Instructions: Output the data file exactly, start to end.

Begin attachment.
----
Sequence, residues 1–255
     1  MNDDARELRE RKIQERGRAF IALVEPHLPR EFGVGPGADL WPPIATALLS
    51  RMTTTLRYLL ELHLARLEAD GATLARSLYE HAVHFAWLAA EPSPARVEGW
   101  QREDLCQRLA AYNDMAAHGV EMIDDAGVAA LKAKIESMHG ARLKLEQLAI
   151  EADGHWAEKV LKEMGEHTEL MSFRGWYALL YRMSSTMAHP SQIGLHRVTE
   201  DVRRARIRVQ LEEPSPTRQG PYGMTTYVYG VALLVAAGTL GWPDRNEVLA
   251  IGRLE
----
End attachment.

Sequence, residues 1–255
     1  MNDDARELRE RKIQERGRAF IALVEPHLPR EFGVGPGADL WPPIATALLS
    51  RMTTTLRYLL ELHLARLEAD GATLARSLYE HAVHFAWLAA EPSPARVEGW
   101  QREDLCQRLA AYNDMAAHGV EMIDDAGVAA LKAKIESMHG ARLKLEQLAI
   151  EADGHWAEKV LKEMGEHTEL MSFRGWYALL YRMSSTMAHP SQIGLHRVTE
   201  DVRRARIRVQ LEEPSPTRQG PYGMTTYVYG VALLVAAGTL GWPDRNEVLA
   251  IGRLE